Monthly Archives: June 2018


The Unsubtle Art of Non-Verbal Communication

Human beings can communicate by gesture and facial expression as well as by verbal language. In the following video, at 39 seconds in BBC presenter Jo Coburn is not communicating to the viewer – the director has switched back to her before she expects. She is however working very hard on communicating non-verbally to somebody, presumably the director, with quite an extreme facial gesture.

My question to you is this – what do you think she is trying to communicate with that facial gesture, and why? It is not a rhetorical question, your answers are welcome. You need to watch the whole video for context – it’s less than a minute.

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Blair and Brown Governments Gory with Torture

Even I was taken aback by the sheer scale of British active involvement in extraordinary rendition revealed by yesterday’s report of the parliamentary Intelligence and Security Committee. Dominic Grieve and the committee deserve congratulations for their honesty, integrity and above all persistence. It is plain from the report that 10 Downing Street did everything possible to handicap the work of the committee. Most crucially they were allowed only to interview extremely senior civil servants and not allowed to interview those actively engaged in the torture and rendition programme.

Theresa May specifically and deliberately ruled out the Committee from questioning any official who might be placed at risk of criminal proceedings – see para 11 of the report. The determination of the government to protect those who were complicit in torture tells us much more about their future intentions than any fake apology.

In fact it is impossible to read paras 9 to 14 without being astonished at the sheer audacity of Theresa May’s attempts to obstruct the inquiry. They were allowed to interview only 4 out of 23 requested witnesses, and those were not allowed “to talk about the specifics of the operations in which they were involved nor fill in any gaps in the timeline”. If the UK had a genuinely free media, this executive obstruction of the Inquiry would be the lead story. Instead it is not mentioned in any corporate or state media, despite the committee report containing a firm protest:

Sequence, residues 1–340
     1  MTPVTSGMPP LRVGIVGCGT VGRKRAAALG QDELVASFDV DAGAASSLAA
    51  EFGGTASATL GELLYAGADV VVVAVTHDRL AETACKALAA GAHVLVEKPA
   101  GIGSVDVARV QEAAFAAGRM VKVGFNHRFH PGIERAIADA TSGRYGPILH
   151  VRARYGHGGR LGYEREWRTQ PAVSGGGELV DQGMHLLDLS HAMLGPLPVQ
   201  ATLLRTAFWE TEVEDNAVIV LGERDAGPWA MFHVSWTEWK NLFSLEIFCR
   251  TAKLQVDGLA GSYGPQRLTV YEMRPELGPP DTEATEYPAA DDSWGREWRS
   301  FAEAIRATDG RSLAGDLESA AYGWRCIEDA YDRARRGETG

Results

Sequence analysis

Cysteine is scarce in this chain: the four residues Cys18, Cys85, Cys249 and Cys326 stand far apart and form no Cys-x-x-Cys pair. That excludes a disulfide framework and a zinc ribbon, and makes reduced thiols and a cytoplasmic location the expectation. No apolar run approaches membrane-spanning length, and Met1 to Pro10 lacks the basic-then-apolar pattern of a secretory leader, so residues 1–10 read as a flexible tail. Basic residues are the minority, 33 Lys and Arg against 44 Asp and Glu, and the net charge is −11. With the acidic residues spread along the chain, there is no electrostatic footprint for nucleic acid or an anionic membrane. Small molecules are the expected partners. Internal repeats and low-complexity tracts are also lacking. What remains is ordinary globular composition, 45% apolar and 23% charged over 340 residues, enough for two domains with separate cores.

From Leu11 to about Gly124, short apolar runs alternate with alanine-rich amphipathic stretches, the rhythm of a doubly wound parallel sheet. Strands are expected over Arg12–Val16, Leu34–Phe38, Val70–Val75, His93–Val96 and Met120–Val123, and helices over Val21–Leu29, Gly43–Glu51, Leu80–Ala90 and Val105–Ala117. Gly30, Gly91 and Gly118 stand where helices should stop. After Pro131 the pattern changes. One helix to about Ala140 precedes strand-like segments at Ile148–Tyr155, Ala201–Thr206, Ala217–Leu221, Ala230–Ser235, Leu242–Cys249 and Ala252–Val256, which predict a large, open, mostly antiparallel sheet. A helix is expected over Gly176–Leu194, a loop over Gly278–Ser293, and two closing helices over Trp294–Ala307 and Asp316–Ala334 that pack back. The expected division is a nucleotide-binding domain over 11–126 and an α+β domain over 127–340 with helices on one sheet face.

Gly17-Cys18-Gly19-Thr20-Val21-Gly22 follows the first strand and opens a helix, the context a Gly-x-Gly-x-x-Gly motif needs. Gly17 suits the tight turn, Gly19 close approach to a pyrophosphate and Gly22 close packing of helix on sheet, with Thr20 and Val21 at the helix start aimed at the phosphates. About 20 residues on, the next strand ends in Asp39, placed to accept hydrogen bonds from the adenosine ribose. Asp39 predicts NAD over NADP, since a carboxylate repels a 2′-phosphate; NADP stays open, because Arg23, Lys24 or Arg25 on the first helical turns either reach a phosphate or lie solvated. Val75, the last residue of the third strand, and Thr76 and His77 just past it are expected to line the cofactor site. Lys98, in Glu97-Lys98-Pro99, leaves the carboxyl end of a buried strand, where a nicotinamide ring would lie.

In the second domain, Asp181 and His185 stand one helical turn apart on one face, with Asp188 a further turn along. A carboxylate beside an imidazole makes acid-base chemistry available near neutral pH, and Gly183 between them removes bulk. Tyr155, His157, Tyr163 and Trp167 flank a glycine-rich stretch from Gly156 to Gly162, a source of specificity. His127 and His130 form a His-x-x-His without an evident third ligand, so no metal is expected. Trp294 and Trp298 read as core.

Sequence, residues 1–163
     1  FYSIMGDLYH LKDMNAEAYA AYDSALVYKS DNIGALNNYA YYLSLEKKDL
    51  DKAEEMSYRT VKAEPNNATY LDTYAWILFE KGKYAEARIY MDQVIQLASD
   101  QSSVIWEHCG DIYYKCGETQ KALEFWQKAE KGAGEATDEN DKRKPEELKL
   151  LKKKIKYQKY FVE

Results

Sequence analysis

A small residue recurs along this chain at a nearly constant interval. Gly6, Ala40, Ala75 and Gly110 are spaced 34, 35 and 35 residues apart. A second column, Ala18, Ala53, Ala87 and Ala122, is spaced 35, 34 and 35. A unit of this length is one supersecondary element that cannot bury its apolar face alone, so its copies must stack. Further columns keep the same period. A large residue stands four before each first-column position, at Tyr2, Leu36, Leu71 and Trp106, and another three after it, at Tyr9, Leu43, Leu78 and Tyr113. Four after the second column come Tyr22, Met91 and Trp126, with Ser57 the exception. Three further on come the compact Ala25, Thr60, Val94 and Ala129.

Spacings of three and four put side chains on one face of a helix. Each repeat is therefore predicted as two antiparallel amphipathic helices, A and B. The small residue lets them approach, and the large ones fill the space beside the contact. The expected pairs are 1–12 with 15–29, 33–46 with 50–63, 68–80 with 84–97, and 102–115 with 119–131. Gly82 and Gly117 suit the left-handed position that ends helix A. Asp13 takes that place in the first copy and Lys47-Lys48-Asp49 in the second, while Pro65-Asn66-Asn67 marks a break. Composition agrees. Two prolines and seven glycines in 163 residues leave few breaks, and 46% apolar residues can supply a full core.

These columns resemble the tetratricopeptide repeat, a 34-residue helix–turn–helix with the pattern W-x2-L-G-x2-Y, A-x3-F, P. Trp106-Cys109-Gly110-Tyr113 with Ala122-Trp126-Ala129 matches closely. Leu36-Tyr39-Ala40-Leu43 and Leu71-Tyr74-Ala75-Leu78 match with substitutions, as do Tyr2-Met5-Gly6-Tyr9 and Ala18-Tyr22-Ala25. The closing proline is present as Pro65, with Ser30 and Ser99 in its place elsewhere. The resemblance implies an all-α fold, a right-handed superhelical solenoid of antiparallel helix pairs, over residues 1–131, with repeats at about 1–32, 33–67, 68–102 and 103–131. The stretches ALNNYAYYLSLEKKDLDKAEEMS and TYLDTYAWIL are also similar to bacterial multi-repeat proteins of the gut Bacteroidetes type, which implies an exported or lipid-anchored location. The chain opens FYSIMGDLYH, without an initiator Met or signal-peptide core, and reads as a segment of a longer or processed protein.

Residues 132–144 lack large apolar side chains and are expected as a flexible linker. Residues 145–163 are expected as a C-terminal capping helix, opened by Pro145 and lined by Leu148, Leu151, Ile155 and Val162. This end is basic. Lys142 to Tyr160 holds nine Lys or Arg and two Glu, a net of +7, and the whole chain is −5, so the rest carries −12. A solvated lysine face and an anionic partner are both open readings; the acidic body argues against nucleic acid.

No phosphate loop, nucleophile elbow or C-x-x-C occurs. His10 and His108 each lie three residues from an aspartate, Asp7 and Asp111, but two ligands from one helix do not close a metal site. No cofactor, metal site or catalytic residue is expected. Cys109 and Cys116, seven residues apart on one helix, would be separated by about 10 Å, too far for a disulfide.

It is worth reflecting that the Tory government has acted time and time again to protect New Labour’s Tony Blair, David Miliband, Jack Straw and Gordon Brown from any punishment for their complicity in torture, and indeed to limit the information on it available to the public. The truth is that the Tories and New Labour (which includes the vast majority of current Labour MPs) are all a part of the same elite interest group, and when under pressure they stick together as a class against the people.

Despite being hamstrung by government, the Committee managed through exhaustive research of classified documents to pull together evidence of British involvement in extraordinary rendition and mistreatment of detainees on a massive scale. The Committee found 596 individual documented incidents of the security services obtaining “intelligence” from detainee interrogations involving torture or severe mistreatment, ranging from 2 incidents of direct involvement, “13 to 15” of actually being in the room, through those where the US or other authorities admitted to the torture, to those where the detainee told the officer they had been tortured. They found three instances where the UK had paid for rendition flights.

My own evidence to the Committee focused on the over-arching policy framework, and specifically the fact that Jack Straw and Richard Dearlove had agreed a deliberate and considered policy of obtaining intelligence through torture. The report includes disappointingly little of my evidence, as the Committee has taken a very narrow view of its remit to oversee the intelligence agencies. This is the only part of my evidence included:

130. This was not unique to the Agencies. Their sponsoring Departments appear to have adopted the same approach. We heard evidence from a former FCO official, Craig Murray, who suggested that “there was a deliberate policy of not committing the discussion on receipt of intelligence through torture to paper in the Foreign Office”.
In July 2004, when he was Ambassador to Tashkent, he raised concerns about the use of Uzbek intelligence derived from torture in a formal exchange of telegrams with the FCO. Mr Murray drew our attention to FCO documents from the same time, which we have seen, one of which referred to “meetings to look at conditions of receipt of intelligence as a general issue”. He told us that the meetings “specifically discuss[ed] the receipt of intelligence under torture from Uzbekistan” and “were absolutely key to the formation of policy on extraordinary rendition and intelligence”.
Mr Murray told us that, when he had given evidence to the Foreign Affairs Select Committee about this, they sought the documents from the FCO which replied that the “meetings were informal meetings and were not minuted ”. He went on to say: